(Spain, France 25 Oct 1881 – 08 Apr 1973)
Nude in a rocking chair
- Modern gallery
- Further information
By the time he painted this faceless female figure, Picasso was a towering legend of modern art. Yet to say she is faceless is not entirely accurate: across her torso, breasts, belly and pudenda the painter has inscribed the disconcerting semblance of his own features. Her nipples are the tell-tale black pupils of his eyes, her serrated vagina is his equally aggressive mouth. Having thus invaded her body, his own erupts in the manner of a physiological mutation. It is not an easy image, but it is wholly truthful to Picasso's deepest intuitions and experience. Anger belies the innocuousness of the subject matter. Fear underscores the anger. It is only very marginally a work of art about appearances. Instead, Picasso enacts a form of black magic, an exorcising ritual of bodily destruction and psychic derangement that plays fast and loose with reality - all within the conventions of the seated portrait. That he did this through the agency of his last great love, Jacqueline Roque, setting her violated form in the serenity of his new villa at Cannes, is admirable and repulsive in equal measure. The gesticulating palm tree may well allude to Matisse, whose recent death reminded Picasso of the inescapability of mortality.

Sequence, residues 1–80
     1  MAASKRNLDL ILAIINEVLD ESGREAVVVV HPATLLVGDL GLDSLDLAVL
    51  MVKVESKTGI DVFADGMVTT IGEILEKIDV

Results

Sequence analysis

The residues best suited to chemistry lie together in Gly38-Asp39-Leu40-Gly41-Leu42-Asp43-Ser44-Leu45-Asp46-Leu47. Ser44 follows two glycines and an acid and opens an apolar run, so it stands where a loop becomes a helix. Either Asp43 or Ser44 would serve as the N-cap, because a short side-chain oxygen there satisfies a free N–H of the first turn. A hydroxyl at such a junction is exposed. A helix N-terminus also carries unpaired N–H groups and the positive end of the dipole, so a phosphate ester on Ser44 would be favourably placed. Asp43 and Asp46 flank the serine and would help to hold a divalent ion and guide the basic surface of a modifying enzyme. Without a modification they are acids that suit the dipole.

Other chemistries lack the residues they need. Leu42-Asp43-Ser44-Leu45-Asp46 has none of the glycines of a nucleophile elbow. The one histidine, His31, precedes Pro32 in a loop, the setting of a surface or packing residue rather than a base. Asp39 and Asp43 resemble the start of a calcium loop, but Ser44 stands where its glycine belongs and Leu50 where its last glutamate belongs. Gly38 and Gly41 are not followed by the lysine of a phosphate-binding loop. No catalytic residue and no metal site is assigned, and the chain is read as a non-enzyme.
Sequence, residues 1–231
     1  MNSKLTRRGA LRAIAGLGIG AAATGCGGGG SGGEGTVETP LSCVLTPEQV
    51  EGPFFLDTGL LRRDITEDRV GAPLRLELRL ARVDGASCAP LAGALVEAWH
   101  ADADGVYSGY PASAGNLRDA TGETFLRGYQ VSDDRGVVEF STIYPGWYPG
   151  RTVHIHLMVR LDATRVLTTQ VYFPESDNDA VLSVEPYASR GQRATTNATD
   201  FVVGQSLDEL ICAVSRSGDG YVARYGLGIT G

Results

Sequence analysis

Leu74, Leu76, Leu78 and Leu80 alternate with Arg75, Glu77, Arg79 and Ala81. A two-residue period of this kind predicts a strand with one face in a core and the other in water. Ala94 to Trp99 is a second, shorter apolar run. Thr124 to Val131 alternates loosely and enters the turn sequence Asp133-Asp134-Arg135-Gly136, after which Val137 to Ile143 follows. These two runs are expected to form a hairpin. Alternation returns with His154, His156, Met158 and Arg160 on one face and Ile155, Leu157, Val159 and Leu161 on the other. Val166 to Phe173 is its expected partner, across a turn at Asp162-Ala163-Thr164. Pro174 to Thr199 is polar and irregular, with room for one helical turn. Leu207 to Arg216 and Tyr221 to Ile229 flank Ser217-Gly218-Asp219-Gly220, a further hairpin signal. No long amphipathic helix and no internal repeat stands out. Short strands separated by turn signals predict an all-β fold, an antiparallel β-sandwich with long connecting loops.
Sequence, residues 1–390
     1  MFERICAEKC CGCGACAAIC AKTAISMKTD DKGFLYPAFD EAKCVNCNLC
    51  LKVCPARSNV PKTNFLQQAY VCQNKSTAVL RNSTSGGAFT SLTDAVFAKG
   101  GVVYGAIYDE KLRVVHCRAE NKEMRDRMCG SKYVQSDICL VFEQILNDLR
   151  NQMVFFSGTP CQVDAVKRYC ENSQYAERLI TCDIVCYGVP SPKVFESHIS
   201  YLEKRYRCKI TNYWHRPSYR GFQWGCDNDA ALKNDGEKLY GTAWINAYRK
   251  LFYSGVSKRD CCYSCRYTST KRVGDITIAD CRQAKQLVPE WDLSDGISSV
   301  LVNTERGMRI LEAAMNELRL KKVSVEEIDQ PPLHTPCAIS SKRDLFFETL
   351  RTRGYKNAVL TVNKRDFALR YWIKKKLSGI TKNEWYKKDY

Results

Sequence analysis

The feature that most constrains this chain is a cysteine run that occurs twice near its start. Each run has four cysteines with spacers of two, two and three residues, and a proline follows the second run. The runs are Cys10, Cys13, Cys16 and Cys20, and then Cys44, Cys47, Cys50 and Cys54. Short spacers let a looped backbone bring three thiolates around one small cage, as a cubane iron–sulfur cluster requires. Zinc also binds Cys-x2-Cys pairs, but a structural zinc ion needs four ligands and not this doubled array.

Art Gallery Handbook, 1999.
- oil on canvas
- 196.0 x 130.8 cm stretcher; 213.0 x 147.5 x 8.0 cm frame
- Signature & date
- Signed u.r., black oil "Picasso". Dated c. verso canvas, black oil "26.3./ 56.".
- Purchased 1981
- Accession number
- © Pablo Picasso/Succession Pablo Picasso. Licensed by Viscopy, Sydney
- Private Collection, 1976-May 1981, London/England, Purchased by the AGNSW 1981. Collector wishes to remain anonymous.
Galerie Beyeler (Switzerland), Feb 1968-1976, Basel/Switzerland
Kronofogdemyndigheten (Sweden), Stockholm/Sweden
Galerie Louise Leiris, Paris (France, estab. 1941), Paris/France
Theodor Ahrenberg (Sweden), Stockholm/Sweden